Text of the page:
Embezzlement, bigamy, decadent luxury, a man eaten by tiger… Nigel Winter knows how to catch the reader’s attention. He certainly had mine after emailing a story lead about an intriguing figure in British motorcycle history.
Albert Douglas Masters went to
India after World War I, and after
that back to the UK - claiming a
new name and intriguing footnote
in British motorcycle history.
Winter is the author of “Travelling with Mr. Turner
” a book chronicling the history of Triumph Motorcycles, with the author retracing the memorable 1953 ride of Triumph’s three “gaffers” – senior managers who piloted their motorbikes cross country from Land’s End in Cornwall all the way to Scotland’s John O’Groats. One of the gaffers was Triumph’s great engineer Edward Turner, with this PR-savvy trek credited by Winter as helping usher in the great leap forward in British mass transit.
But Winter’s lurid correspondence was not in regards to Mr. Turner. Instead the dodgy tale belongs to one of the other “gaffers” on that famous ride – Triumph’s Service Manager, Alec St. John Masters.
Masters was the recent subject of the New Zealand show Family Secret
– which, as the name implies, investigates unresolved family stories (similar to America’s History Detectives). As it turns out, prior to 1932 Alec St. John Masters was known as Albert Douglas Masters. The family of his surviving daughter, who now lives in Australia, tasked the show with tracking down the story of a man who disappeared in 1931 leaving behind a wife and three daughters.
An Englishman who went to India after World War I, Albert “Dougie” Masters vanished in Jorhat, India. Family tales related in the show regarding his whereabouts are quite colorful. One grandson’s vivid childhood memory is that he was eaten by a tiger, while another granddaughter recounts being told that he trained horses in the desert and simply disappeared…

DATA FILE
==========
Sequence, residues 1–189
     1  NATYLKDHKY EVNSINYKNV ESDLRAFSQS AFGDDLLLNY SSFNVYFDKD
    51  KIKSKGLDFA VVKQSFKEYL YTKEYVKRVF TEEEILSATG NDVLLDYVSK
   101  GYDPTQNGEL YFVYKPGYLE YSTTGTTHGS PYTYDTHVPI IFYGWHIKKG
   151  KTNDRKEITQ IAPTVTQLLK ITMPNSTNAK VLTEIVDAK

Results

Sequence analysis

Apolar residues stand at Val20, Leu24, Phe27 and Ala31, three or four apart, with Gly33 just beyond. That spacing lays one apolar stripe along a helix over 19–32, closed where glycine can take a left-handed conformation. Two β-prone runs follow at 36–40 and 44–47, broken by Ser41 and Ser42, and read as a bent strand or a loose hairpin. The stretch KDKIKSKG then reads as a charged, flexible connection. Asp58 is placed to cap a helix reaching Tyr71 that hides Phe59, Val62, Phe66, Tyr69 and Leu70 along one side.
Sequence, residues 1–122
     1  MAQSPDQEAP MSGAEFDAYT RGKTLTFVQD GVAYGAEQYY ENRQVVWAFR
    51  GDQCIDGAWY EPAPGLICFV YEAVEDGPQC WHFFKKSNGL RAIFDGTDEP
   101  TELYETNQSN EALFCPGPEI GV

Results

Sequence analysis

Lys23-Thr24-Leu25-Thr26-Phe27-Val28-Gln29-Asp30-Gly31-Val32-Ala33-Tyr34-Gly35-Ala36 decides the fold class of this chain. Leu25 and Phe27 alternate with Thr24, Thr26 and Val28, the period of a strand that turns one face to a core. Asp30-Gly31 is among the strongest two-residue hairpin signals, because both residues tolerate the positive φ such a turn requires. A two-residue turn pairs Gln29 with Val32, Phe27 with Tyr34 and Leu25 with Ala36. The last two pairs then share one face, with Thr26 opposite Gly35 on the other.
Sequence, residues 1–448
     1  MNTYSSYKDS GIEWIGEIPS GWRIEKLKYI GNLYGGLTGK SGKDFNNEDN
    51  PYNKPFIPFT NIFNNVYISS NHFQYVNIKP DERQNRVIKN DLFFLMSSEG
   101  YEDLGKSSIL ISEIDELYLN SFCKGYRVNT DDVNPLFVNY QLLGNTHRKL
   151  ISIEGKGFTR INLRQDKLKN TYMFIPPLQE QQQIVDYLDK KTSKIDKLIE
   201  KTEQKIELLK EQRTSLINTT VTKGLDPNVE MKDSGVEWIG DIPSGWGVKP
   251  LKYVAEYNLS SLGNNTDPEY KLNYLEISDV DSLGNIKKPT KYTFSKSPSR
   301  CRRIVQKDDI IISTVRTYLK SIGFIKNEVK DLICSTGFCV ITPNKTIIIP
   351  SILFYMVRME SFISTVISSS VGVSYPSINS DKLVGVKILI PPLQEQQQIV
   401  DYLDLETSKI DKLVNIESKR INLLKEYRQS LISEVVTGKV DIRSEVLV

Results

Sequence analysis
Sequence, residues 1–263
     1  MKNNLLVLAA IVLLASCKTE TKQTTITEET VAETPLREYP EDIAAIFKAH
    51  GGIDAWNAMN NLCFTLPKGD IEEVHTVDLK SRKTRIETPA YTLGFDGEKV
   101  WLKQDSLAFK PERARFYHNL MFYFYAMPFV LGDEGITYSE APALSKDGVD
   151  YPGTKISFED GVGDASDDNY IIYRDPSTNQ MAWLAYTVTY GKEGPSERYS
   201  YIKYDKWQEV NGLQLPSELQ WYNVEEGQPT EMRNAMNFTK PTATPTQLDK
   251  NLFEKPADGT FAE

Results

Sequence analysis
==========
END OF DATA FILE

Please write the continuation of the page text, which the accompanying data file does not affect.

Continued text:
The truth is Masters disappeared from India amidst an embezzlement scandal. In Jorhat, he resided in relative opulence throughout the 1920s as a mechanic – as Winter put it, living a “luxurious existence in the dying days of the Raj”. Masters reputedly resided in a spacious bungalow and was tended to by several servant. He also owned 14 horses for racing and polo. He also served as Secretary of the Jorhat Racing Club, but before the 1931 horse races Masters skipped town with in the equivalent today of about $60,000 in the club’s money.
Masters with Triumph's famed engineer Edward Turner on the highly publicized 1953 cross-country ride.
From there Masters returned back to the UK, retaining his surname but changing his given name. He also remarried and took up work with Triumph – rising to Service Manager and taking part in the famous cross-country run with Mr. Turner. Hardly laying low with a secret identity.
In fact, Masters not only saw his face attached to one of the more memorable public events in British motorcycling history, he also affixed his new name to a handful of books. Masters is the published author of “Motor-Cycle Sport” and “Do Your Own Spray Painting” – copies of which the show’s investigator gives to the stunned family left behind.
So the disgraced mechanic Albert Douglas Masters transformed into Alec St. John Masters, changing his name, remarrying and living a relatively public life as a key figure during Triumph Motorcycle’s golden age. A tale even more curious than getting eaten alive...
Watch the TV segment embedded below courtesy of Winter, who has permission to host the footage on YouTube until December 31. Read more on the subject at the Gaffers Gallop at www.gaffersgallop.com
and check out Winter’s book “Travelling with Mr. Turner